A spate of fake accident claims against commercial vehicles in the New Orleans area highlights a growing problem for trucking companies.
At what point is the American public going to stand up and take notice of the truck driver shortage? According to spokespeople for the retail industry, that time is right about now.
Researchers at MIT have found a way to turn a driver's lowly smartphone into a tool that they tout as being able to reduce fuel consumption by 5 to 10 percent, monitor tire pressure and even monitor wheel alignment.
In this Friday Short Haul we look at possible changes in the way freight rates are calculated, find out about new HOS rules possibly coming soon, and get January's tonnage report.
In this Friday Short Haul we see why Connecticut trucking companies are riled, we look at what's happening with hydrogen fuel-cell trucks, and discover the roads with the worst cell phone use.
That America's roadways are a deteriorating mess is no surprise to anybody who has sat behind a wheel any time recently. But the problems of our nation's crumbling infrastructure go far beyond just the discomfort of a jarring ride. Simply put, our country's economic health demands that our roads get an upgrade.
In a report recently released by SensiGuard Supply Chain Intelligence Center the number of cargo thefts were down by 19 percent across the United States last year, but the value of goods stolen is about the same.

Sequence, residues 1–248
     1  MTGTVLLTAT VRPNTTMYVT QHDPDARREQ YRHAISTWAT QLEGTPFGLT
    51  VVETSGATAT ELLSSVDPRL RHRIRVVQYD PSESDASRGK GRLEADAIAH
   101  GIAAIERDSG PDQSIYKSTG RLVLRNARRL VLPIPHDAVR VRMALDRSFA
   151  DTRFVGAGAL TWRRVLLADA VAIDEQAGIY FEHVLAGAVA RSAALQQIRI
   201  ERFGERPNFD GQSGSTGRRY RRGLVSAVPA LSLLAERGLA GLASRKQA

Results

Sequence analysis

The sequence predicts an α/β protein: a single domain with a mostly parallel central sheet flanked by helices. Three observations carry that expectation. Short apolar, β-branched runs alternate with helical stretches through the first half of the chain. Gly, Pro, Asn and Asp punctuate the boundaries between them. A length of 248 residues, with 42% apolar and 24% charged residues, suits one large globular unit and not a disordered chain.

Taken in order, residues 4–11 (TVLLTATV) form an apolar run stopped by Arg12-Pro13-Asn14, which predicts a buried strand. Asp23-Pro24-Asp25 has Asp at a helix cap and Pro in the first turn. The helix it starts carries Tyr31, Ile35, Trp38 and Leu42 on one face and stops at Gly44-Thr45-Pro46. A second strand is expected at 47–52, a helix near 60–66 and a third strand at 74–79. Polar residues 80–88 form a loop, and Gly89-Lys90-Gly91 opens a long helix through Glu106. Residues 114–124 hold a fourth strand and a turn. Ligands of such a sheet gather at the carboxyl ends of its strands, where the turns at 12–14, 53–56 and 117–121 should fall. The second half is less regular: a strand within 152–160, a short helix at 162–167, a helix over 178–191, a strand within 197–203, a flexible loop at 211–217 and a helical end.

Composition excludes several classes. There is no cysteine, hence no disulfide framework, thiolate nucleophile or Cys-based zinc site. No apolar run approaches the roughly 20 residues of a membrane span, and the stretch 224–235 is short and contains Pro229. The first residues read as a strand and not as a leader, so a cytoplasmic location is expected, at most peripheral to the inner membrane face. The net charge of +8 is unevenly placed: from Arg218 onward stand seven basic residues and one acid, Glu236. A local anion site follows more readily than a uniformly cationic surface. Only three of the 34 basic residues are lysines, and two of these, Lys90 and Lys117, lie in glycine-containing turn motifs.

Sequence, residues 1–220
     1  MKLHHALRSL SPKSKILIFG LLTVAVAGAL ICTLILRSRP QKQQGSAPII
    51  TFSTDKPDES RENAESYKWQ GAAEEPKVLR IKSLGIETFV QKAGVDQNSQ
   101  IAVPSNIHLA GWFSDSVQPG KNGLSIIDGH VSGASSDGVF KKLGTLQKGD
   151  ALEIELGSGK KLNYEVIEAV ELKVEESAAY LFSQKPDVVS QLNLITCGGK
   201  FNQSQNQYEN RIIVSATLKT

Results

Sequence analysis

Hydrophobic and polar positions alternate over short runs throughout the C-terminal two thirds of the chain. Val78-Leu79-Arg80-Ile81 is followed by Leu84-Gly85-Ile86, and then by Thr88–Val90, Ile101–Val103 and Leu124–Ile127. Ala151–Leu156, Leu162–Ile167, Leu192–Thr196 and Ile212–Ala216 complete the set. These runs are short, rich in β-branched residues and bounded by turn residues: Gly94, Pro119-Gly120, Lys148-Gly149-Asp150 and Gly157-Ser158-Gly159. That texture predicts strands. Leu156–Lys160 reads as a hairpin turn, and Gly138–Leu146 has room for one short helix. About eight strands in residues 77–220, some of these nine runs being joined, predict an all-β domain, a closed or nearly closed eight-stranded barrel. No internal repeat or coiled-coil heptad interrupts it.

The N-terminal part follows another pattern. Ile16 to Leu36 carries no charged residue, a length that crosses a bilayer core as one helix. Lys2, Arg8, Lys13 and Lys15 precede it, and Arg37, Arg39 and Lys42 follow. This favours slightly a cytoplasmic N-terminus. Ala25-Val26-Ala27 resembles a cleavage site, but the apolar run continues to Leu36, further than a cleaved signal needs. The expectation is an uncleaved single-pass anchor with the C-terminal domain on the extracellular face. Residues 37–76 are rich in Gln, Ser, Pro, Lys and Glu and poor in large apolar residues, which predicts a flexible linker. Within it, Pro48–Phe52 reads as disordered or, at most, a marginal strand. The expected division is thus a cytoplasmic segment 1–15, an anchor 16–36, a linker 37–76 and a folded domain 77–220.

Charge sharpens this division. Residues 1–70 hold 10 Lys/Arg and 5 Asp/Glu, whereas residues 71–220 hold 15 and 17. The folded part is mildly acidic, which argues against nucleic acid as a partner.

Detention, the on-duty but not-driving time a driver spends waiting at a shipper or receiver, is a necessary evil in the trucking industry, but the consensus among drivers is that there should be compensation to the driver for his or her non-driving, on-duty time.
In the ongoing effort to alleviate the driver shortage trucking companies are beginning to consider a new strategy to entice new drivers – they are taking a hard look at their reasoning behind sign-on bonuses. They are asking whether they should ditch them entirely in favor of offering guaranteed pay.
The trucking industry is looking at a new tactic in the battle to alleviate the ongoing driver shortage problem. The problem, according to a recent release from the Commercial Vehicle Training Association is that long delays in some states' CDL testing programs are resulting in almost a quarter million potential drivers annually having to delay their entrance into the driving workforce … or, they give up entirely and take other jobs.
Appeals against California's low-carbon fuel standard by transportation industry interests failed this month at the 9th U.S. Circuit Court of Appeals level. Judges in the case stood on their belief that the state legislature reasoning behind the stricter California standard was concern that climate change, and particularly global warming, presented a risk to California.
Despite an economic decline in some sectors in 2018, particularly in December, the transportation industry continues to show economic expansion.
Over 100,000 truck drivers likely have undiagnosed sleep apnea and more testing is on the way. Sleep apnea is going to be a big issue in trucking and more and more drivers will be tested as testing procedures become less expensive and lawsuits from accidents become more prevalent.
What do new drivers need to know about truck stops? Experienced truck drivers share their insights on the do's and dont's of the truck stops. How to stay safe, get sleep, and act right.
Recently, we had a discussion with experienced drivers on what changes they would make to the hours-of-service rules that all interstate CDL license holders are bound by.
They say self-driving vehicles are on the way. They're right around the corner. I say they're full of baloney. It's a bunch of noise from a bunch of clowns looking for attention, and here's why....